|If moving an injured or ill person is absolutely necessary, encouraging him to move by himself is by far the best approach, minimizing risk to both you and him. However, this is not always possible. There are a number of dangers inherent in lifting and moving people and the task should not be undertaken lightly. The following techniques require no real equipment and in an emergency situation can be very effective.
The human crutch
If you find yourself in a situation where the injured person has, for instance, sprained an ankle and is having difficulty in walking, this technique will provide additional support if nothing else, such as a walking stick or crutch, is available.
- Stand on the person’s injured or affected side, pass her arm around her waist and grasp her hand or wrist.
- Place your other arm around her waist and grasp her clothes, preferably the top of the trousers or a belt.
- Move off with your inside foot first, walking at the victim’s pace.
Although this is an effective carry, how far you will be physically capable of moving the victim will depend on her size and weight. It is also reduces your ability to carry your won equipment, particularly if you are hiking with backpacks.
- Crouch in front of the victim with your back toward her and ask her to put her arms over your shoulders.
- Grasp the victim’s thighs, pull them in toward you and slowly stand up, remembering to keep your back straight.
This technique is really for extreme emergencies and will be effective only over short distances as it is very labor-intensive. Its key use is in moving people from very hazardous areas quickly.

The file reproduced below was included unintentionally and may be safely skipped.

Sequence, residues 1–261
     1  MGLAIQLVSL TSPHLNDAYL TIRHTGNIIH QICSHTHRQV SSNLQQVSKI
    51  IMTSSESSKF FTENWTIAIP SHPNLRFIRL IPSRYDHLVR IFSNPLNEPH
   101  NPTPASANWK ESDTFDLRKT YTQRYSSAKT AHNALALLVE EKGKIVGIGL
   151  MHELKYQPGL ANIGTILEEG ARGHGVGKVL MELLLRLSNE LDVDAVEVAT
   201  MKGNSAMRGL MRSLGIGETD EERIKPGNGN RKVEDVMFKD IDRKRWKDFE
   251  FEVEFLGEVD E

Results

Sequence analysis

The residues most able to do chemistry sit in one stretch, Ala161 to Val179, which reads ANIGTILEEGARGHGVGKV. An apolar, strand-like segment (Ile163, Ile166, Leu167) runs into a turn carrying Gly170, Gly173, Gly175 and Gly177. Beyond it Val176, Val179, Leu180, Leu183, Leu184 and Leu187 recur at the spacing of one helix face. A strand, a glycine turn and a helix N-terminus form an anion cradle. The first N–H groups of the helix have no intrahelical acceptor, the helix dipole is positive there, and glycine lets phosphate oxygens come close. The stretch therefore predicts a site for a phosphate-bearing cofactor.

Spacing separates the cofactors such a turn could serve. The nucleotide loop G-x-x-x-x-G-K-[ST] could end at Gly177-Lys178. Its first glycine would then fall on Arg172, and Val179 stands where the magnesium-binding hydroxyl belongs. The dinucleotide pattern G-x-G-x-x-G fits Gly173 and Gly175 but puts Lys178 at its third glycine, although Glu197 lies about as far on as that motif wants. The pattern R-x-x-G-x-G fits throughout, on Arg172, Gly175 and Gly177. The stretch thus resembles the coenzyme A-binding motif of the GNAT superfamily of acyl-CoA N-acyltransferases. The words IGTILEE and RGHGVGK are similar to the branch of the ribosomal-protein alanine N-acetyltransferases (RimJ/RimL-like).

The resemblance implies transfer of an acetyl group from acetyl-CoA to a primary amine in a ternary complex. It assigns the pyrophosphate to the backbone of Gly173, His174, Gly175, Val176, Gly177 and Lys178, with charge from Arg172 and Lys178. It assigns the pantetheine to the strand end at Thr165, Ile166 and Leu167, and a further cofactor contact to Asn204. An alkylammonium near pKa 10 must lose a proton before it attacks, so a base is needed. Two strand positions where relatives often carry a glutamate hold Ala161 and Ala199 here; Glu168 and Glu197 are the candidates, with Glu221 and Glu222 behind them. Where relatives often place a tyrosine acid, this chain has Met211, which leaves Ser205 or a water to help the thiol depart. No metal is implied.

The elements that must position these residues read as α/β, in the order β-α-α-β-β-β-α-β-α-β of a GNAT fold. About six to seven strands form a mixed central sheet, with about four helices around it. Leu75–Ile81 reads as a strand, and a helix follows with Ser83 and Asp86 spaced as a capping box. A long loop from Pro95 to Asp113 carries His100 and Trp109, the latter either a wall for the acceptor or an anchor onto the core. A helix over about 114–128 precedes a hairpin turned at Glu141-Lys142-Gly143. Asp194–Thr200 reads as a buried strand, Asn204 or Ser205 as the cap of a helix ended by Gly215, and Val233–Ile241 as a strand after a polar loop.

- Crouch behind the victim. Carefully pull him toward you. Stop, take a step back, and pull the victim toward you again.
- Repeat this procedure until you have reached your destination.
It is far easier for two people to control and move someone. However, these techniques do have their limitations, even with two people, and require a little practice.
Two-handed seat carry
- Crouch down, facing each other on either side of the injured person.
- Cross over your arms behind the victim and grab hold of her waistband or belt.
- Pass your other hands under the victim’s knees and grasp each other’s wrists.
- Bring your hands toward the middle of the victim’s thighs.
- Get in close to the injured person and stand up slowly; you are now ready to move off.
FOUR-HANDED SEAT CARRY
The two-handed and, in particular, the four-handed seat carries can only be used with conscious people because they require the person being carried to have some control over her body and give some assistance to the rescuers.
It should be noted that this is extremely strenuous and awkward for the rescuers.
- With the person to be carried standing close to you, first hold your left wrist with your right hand, and ask your carrying partner to do the same.
- Now, link hands, taking hold of your partner’s right wrist. This should form a square.
- Allow the victim gently sit back onto your hands and get her to place her hands around your shoulders.